Large-scale performance of a DSL-based multi-block structured-mesh application for Direct Numerical Simulation

Mudalige, G. R. and Reguly, I. Z. and Jammy, S. P. and Jacobs, C. T. and Giles, M. B. (2019) Large-scale performance of a DSL-based multi-block structured-mesh application for Direct Numerical Simulation. JOURNAL OF PARALLEL AND DISTRIBUTED COMPUTING, 131. pp. 130-146. ISSN 0743-7315


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SBLI (Shock-wave/Boundary-layer Interaction) is a large-scale Computational Fluid Dynamics (CFD) application, developed over 20 years at the University of Southampton and extensively used within the UK Turbulence Consortium. It is capable of performing Direct Numerical Simulations (DNS) or Large Eddy Simulation (LES) of shock-wave/boundary-layer interaction problems over highly detailed multi-block structured mesh geometries. SBLI presents major challenges in data organization and movement that need to be overcome for continued high performance on emerging massively parallel hardware platforms. In this paper we present research in achieving this goal through the OPS embedded domain-specific language. OPS targets the domain of multi-block structured mesh applications. It provides an API embedded in C/C++ and Fortran and makes use of automatic code generation and compilation to produce executables capable of running on a range of parallel hardware systems. The core functionality of SBLI is captured using a new framework called OpenSBLI which enables a developer to declare the partial differential equations using Einstein notation and then automatically carryout discretization and generation of OPS (C/C++) API code. OPS is then used to automatically generate a wide range of parallel implementations. Using this multi-layered abstractions approach we demonstrate how new opportunities for further optimizations can be gained, such as fine-tuning the computation intensity and reducing data movement and apply them automatically. Performance results demonstrate there is no performance loss due to the high-level development strategy with OPS and OpenSBLI, with performance matching or exceeding the hand-tuned original code on all CPU nodes tested. The data movement optimizations provide over 3× speedups on CPU nodes, while GPUs provide 5× speedups over the best performing CPU node. The OPS generated parallel code also demonstrates excellent scalability on nearly 100K cores on a Cray XC30 (ARCHER at EPCC) and on over 4K GPUs on a CrayXK7 (Titan at ORNL).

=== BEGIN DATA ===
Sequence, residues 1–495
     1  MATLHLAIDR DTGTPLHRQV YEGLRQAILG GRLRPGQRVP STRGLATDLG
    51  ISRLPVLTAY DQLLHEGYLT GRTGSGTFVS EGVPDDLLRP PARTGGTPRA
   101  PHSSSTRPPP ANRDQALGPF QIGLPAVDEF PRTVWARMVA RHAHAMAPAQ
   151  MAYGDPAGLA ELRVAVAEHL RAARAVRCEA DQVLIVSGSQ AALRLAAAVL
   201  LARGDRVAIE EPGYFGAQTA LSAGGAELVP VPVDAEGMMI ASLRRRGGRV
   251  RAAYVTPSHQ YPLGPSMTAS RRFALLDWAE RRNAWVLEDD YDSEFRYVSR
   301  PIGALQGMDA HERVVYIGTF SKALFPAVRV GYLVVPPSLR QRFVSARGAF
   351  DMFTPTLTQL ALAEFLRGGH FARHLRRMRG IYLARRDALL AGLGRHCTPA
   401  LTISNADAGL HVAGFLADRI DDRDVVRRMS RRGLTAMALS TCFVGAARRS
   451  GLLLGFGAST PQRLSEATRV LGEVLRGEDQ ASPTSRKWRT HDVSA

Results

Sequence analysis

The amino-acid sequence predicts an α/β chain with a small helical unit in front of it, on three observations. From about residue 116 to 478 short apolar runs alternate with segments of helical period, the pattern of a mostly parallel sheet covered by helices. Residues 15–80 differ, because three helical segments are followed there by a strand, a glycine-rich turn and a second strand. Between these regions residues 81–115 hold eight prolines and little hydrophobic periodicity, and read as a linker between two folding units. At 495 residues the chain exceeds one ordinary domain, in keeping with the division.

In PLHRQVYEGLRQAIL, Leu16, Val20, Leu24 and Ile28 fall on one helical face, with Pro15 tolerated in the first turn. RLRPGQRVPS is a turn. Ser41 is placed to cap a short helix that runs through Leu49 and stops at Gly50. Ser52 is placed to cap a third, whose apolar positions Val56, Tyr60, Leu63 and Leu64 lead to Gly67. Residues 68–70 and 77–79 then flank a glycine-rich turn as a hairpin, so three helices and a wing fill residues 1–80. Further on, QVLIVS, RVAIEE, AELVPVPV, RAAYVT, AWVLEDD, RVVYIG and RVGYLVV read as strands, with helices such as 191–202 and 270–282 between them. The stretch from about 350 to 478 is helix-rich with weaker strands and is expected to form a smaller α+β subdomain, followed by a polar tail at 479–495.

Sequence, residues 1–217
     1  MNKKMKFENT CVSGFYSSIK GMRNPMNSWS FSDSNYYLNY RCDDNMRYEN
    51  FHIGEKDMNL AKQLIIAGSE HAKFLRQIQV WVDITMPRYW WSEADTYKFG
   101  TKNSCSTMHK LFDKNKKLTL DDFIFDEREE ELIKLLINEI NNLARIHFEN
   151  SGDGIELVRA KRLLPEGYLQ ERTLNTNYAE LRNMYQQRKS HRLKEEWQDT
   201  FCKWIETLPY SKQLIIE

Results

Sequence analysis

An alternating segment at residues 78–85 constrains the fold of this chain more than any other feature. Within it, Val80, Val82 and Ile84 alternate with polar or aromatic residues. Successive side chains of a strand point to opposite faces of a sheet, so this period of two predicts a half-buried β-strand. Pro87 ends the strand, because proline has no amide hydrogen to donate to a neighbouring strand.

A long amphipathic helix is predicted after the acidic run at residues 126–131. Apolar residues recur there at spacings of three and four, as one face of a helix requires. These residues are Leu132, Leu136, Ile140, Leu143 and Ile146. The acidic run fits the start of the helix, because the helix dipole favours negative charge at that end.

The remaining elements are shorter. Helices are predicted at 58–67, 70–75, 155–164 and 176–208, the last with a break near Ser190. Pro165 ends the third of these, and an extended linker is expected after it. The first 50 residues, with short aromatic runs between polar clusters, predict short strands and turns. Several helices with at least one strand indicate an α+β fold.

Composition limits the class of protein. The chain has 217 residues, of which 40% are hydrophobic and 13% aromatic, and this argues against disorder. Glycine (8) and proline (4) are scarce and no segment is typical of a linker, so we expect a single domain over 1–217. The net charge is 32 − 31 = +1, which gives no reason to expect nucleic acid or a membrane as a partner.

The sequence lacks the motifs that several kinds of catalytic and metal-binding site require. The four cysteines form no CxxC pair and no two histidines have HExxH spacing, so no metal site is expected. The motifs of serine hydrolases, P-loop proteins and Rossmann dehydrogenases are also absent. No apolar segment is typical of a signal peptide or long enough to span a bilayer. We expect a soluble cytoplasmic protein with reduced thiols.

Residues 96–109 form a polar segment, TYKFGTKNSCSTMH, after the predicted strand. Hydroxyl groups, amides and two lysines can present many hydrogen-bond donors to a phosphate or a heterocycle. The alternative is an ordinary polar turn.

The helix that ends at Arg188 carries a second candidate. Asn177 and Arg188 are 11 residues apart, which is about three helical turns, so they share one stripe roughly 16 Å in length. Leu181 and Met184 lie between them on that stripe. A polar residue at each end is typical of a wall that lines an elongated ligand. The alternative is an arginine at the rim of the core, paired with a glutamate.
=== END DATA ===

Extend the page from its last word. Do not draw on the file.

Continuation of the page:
Item Type: Article
Uncontrolled Keywords: DSLs, Multi-block Structured mesh applications, OPS, SBLI, Finite Difference Methods
Subjects: Q Science / természettudomány > QA Mathematics / matematika > QA75 Electronic computers. Computer science / számítástechnika, számítógéptudomány
Depositing User: MTMT SWORD
Date Deposited: 18 Sep 2019 12:39
Last Modified: 18 Sep 2019 12:39

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